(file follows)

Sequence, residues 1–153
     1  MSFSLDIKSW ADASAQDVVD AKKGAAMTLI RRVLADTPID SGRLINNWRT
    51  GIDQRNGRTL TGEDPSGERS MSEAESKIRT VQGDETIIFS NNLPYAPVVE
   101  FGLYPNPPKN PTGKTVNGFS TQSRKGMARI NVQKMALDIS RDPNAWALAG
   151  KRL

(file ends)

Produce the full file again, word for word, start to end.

Sequence, residues 1–153
     1  MSFSLDIKSW ADASAQDVVD AKKGAAMTLI RRVLADTPID SGRLINNWRT
    51  GIDQRNGRTL TGEDPSGERS MSEAESKIRT VQGDETIIFS NNLPYAPVVE
   101  FGLYPNPPKN PTGKTVNGFS TQSRKGMARI NVQKMALDIS RDPNAWALAG
   151  KRL